Economy

Germany on the brink

GDP in Europe’s largest economy fell 0.1% in the second quarter and early signs for this quarter are ominous. Alex Rankine reports.

Doomsday clock approaches midnight

The inverted yield curve on US Treasuries spells trouble for investors. Alex Rankine reports.

Is capitalism doomed?

Unless the world’s multinational corporations get their act together, capitalism is heading for trouble, says Merryn Somerset Webb.

How investors can profit from the dawning of a new reality

Widespread use of virtual-reality technology has been “just around the corner” since the 1980s, says Ben Judge. But with the growing popularity of augmented reality, we might finally be about to turn that corner.

It’s getting harder and harder for central banks to bail us out

Central bankers put their heads together today at their annual shindig at Jackson Hole, says John Stepek. But they’re fast running out of big ideas.

How the success of the Edinburgh Fringe proves that Adam Smith was right

Self-interest was a powerful motivator in making the Edinburgh Fringe Festival the phenomenal success it is today, says Dominic Frisby.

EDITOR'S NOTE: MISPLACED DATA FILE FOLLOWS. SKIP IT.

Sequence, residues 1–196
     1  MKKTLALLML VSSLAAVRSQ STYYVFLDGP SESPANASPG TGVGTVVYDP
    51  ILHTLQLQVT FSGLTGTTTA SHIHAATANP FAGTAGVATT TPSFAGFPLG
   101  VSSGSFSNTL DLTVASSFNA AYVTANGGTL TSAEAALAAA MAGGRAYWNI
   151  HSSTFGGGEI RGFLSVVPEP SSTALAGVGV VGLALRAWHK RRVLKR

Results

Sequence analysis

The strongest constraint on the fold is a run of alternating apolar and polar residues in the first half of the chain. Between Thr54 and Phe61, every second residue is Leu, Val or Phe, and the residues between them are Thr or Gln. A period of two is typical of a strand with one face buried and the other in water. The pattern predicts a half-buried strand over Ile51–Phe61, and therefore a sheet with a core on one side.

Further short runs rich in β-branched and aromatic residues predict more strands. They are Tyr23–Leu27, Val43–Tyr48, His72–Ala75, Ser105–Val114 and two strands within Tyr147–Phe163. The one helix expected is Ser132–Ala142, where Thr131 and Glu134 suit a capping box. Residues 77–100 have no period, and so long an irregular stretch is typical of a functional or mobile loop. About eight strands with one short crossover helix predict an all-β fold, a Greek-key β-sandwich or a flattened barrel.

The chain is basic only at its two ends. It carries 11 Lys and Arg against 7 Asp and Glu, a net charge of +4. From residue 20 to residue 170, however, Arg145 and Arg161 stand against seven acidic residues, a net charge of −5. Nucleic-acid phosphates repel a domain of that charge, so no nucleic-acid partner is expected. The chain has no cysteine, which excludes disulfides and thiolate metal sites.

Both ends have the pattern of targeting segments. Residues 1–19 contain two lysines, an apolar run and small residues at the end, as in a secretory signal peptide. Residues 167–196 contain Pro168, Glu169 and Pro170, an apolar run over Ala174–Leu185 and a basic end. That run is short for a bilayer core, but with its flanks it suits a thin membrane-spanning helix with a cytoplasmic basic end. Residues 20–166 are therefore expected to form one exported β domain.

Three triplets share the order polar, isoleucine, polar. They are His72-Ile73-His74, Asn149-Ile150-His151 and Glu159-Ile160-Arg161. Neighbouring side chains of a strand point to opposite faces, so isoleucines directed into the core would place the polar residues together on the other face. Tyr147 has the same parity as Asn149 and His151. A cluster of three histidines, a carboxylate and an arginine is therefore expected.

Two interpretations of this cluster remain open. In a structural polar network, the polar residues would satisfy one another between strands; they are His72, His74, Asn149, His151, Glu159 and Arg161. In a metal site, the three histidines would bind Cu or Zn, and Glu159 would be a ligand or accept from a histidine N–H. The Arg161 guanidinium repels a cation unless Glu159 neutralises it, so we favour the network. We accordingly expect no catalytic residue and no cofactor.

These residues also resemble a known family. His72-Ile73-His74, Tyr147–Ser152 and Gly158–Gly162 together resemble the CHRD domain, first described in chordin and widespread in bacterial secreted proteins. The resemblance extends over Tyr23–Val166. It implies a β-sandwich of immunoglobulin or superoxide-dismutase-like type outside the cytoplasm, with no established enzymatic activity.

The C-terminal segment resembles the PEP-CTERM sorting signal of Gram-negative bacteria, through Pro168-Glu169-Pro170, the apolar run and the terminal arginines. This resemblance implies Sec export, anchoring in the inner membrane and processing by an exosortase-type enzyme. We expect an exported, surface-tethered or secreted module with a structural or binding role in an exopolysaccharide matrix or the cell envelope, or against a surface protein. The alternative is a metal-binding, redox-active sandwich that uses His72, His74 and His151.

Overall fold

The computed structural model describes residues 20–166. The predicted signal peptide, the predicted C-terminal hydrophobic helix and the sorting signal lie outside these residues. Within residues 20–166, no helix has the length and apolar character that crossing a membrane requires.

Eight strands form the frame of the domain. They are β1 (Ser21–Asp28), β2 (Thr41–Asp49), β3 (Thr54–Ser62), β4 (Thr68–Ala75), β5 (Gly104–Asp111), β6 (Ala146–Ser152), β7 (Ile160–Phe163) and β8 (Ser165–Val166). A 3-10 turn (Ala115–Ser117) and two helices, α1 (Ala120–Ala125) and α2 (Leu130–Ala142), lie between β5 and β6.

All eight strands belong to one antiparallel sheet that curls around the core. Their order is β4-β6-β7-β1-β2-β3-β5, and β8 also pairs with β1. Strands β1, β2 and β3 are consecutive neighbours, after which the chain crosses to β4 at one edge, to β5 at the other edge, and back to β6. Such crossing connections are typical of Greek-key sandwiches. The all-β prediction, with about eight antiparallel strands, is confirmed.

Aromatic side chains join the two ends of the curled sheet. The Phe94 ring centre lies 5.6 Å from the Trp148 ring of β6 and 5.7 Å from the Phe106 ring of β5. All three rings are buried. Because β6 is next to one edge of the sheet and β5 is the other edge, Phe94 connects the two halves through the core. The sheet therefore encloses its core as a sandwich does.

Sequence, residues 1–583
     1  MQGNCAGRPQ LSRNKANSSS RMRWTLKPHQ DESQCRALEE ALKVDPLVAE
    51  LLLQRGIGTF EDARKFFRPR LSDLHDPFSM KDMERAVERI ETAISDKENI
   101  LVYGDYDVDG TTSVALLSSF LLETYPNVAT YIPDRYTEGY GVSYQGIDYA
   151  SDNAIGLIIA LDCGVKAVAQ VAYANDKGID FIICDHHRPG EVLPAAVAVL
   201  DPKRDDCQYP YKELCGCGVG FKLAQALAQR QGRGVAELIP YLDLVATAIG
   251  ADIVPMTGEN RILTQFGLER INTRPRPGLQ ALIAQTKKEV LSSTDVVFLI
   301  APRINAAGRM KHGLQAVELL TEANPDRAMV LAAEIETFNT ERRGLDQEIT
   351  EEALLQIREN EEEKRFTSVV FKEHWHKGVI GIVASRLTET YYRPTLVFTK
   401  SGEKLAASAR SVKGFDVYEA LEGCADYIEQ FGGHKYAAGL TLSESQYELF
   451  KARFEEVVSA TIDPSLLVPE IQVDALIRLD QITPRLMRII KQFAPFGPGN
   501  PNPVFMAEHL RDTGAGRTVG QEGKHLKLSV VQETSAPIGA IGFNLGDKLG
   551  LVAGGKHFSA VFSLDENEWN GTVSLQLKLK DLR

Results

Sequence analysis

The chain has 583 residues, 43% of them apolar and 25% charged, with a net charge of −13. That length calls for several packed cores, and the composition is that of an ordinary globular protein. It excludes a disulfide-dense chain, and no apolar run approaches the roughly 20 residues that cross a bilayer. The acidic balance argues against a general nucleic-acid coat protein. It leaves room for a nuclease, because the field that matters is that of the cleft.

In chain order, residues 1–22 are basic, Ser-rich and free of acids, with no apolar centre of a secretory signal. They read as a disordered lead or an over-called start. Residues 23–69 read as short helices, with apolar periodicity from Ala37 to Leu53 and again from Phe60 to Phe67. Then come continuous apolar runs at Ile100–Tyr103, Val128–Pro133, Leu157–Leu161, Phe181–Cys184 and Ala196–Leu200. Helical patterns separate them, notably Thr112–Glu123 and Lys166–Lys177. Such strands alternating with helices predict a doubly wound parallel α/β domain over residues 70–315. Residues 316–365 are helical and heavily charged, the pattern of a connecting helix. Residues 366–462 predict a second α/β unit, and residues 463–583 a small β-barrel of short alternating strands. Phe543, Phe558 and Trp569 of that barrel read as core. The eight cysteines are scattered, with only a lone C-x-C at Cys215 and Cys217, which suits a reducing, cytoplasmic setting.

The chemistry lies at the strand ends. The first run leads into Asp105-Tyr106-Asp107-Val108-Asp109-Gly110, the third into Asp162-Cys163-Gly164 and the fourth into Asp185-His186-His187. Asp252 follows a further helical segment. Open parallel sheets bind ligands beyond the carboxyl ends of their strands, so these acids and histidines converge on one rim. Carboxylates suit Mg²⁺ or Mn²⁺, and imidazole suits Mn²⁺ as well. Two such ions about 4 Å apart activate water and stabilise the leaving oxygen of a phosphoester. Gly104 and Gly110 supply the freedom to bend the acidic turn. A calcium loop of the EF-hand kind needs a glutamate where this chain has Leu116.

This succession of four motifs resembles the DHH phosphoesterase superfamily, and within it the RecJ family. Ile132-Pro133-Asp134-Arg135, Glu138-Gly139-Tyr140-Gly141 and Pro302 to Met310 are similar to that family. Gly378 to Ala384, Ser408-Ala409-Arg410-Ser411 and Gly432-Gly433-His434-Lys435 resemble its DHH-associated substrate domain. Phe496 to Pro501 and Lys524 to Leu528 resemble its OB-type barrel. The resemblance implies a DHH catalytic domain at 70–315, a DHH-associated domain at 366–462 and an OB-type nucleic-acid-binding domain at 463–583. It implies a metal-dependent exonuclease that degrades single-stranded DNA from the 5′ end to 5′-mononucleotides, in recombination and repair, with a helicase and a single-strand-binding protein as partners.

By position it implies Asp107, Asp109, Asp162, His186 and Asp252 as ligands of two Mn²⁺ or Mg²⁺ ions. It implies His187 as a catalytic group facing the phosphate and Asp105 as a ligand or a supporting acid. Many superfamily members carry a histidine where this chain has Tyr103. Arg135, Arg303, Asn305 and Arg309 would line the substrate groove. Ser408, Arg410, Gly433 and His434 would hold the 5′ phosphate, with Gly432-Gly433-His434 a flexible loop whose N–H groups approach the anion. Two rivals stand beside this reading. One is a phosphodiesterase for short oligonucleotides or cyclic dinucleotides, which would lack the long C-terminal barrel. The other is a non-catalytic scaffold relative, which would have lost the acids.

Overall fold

Betting on politics: bets for the US presidency

Matthew Partridge weighs up the odds on the candidates for the Democratic Party nomination.

Are we about to see an epic splurge of government spending?

Investors are worried that central banks are running out of ways to “stimulate” economic growth, writes John Stepek. Never mind – there’s always the government.

If this company manages to go public, it just has to mark the top of the market

Inverting yield curves and trade wars are all very worrying, says John Stepek. But nothing says “top of the market” like the stockmarket-listing of this company.

Should we protect national champions?

Ever since the Thatcher era, Britain has been relaxed about the nationality of buyers of its industrial assets. But is that always wise? Alex Rankine reports.

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